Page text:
To see how these concepts played out in our project for this client, please visit Streamlining a Sales Order Entry Process.
In thinking about the focus of the case study in this month's e-newsletter, I realized that the emphasis was expediency. Our client was saddled with an out-of-date patchwork of computer programs – which we are working with them to address via a system selection project – but also had a new business opportunity that would overwhelm their people because of process and technology issues, unless something was done. The technology – the patchwork of computer programs – could not be addressed in time to take advantage of this business opportunity.
Sales Rep Order Processing Stopgap
The current process of sales reps sending in orders – via phone, fax, or email – worked for the current lines of business that were sold in large quantities, but would completely fall apart for a large number of small orders. Virtually all the research and validation in the current process was done by the Customer Service reps, once they received the order from the sales reps. Applying this approach to the new business opportunity would bring everything crashing down.
Webster's Revised Unabridged Dictionary defines "stopgap" as "that which closes or fills up an opening or gap." I believe this definition accurately describes the approach we recommended for our client's situation. We knew that an expedient approach was necessary to improve the order taking process – particularly on the research and validation of information – but we knew that changing the order entry system (the patchwork technology) was unrealistic in the short-term. Thus, we moved the lookup and validation processing to the sales reps, via the easy-to-use Excel application described in the case study below, titled Streamlining a Sales Order Entry Process. Read more on automating your business processes.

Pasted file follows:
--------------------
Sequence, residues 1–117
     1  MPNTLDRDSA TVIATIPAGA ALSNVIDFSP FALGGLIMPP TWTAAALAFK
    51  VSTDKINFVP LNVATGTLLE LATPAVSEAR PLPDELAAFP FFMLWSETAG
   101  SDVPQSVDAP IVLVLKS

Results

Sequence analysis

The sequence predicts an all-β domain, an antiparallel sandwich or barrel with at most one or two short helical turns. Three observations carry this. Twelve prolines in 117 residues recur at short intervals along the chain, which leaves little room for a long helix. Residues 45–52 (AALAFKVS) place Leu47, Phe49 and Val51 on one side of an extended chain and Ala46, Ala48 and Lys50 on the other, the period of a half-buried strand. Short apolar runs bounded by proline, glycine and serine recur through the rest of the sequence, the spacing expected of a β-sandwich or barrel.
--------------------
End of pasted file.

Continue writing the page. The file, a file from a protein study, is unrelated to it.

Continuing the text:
Balance Automation and Sophistication
We worked closely with the client to define and develop the application, always keeping in mind the trade-offs inherent in any interim solution – balancing the degree of automation and the sophistication of lookups against the scope of the project. I am pleased to report that this application was defined, developed, deployed, and producing benefits within a matter of weeks.
Business ROI comes in various forms – sometimes it's in big projects, like revising overall business processes or implementing a new ERP system. Other times, it's in stopgap projects such as this one. Regardless of size, the common theme is that business ROI is produced when technology is used to help improve processes and enable people to work better – and getting to ROI is what business is all about!
Todd L. Herman
Read more about the benefits of developing an application for your business.